What kind of space weaponry might scientists and the military sell Trump on?

“Under Trump, GOP to Give Space Weapons Close Look,” was the headline of an article last month in Roll Call, a reliable 61-year-old Washington-based media outlet. The article said “Trump’s thinking on missile defense and military space programs have gotten next to no attention, as compared to the president-elect’s other defense proposals….But experts expect such programs to account for a significant share of what is likely to be a defense budget boost, potentially amounting to $500 billion or more in the coming decade.”

Intense support for the Republican president’s plans is anticipated from the GOP-dominated Congress. Roll Call noted that Representative Trent Franks, a member of the House Armed Services Committee and an Arizona Republican, “said the GOP’s newly strengthened hand in Washington means a big payday is coming for programs aimed at developing weapons that can be deployed in space.”

It quoted Franks as saying: “It was a Democrat mindset that caused us to step back from space-based defense assets to ostensibly not ‘weaponize space,’ while our enemies proceeded to do just that, and now, we find ourselves in a grave deficit.”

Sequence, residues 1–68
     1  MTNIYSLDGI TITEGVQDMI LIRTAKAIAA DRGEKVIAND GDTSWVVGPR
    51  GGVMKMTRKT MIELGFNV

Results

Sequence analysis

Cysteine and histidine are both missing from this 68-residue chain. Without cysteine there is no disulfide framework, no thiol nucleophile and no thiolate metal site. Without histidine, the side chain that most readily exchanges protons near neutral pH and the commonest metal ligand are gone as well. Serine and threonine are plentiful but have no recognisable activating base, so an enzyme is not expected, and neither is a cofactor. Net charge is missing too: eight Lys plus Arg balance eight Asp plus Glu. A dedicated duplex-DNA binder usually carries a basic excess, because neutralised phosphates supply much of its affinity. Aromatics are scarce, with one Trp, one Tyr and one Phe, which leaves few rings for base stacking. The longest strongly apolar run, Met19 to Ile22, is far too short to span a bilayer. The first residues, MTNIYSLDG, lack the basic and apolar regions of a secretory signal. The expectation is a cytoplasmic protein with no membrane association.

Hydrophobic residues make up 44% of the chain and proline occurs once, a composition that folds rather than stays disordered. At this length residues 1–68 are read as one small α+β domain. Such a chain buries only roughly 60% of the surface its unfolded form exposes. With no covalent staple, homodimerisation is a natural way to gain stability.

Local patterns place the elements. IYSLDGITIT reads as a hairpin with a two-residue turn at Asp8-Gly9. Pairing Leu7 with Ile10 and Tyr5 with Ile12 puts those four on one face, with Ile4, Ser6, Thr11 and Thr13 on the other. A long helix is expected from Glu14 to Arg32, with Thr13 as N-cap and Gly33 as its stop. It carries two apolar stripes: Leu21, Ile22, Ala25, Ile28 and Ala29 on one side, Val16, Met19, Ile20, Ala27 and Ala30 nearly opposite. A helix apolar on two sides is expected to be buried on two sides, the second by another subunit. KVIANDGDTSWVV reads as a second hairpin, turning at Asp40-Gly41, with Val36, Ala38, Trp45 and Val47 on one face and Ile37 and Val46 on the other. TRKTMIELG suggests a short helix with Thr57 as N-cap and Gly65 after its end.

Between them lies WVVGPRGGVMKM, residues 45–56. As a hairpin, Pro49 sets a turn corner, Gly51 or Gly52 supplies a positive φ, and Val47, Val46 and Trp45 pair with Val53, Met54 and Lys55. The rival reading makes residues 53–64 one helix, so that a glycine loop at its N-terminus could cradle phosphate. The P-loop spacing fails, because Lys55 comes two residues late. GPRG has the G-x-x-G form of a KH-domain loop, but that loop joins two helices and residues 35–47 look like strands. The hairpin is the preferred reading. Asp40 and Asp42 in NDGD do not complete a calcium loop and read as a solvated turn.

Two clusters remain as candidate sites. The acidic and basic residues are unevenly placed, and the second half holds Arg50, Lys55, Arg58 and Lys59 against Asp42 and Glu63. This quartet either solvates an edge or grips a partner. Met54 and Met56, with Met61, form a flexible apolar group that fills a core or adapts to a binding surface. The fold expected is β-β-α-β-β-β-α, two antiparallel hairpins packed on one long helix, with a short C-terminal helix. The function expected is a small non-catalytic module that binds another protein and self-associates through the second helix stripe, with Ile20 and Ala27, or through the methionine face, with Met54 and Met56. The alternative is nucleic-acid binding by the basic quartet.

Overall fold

As to what space weapons the Trump administration might be interested in, the website Blasting News in an article last month—headed “Donald Trump administration to develop space weapons”—pointed to what has been called “rods from God.” This piece opened with: “One of the significant changes that the incoming Trump administration is contemplating in defense is the development of space-based weapons.” It said “another approach the incoming administration will look at will be space-based weapons that could strike targets on Earth. One idea that has kicked around for decades is a system that would consist of a tungsten projectile and a navigation system. Upon command, these ‘rods from God’ as they are poetically called would re-enter the Earth’s atmosphere and would strike a target, even one in a superhardened underground banker, at 36,000 feet per second, obliterating it.”

As an op-ed piece by two “senior Trump policy advisors” titled “Donald Trump’s ‘peace through strength’ space vision” in Space News in October said, the Trump administration will “lead the way on emerging technologies that have the potential to revolutionize warfare…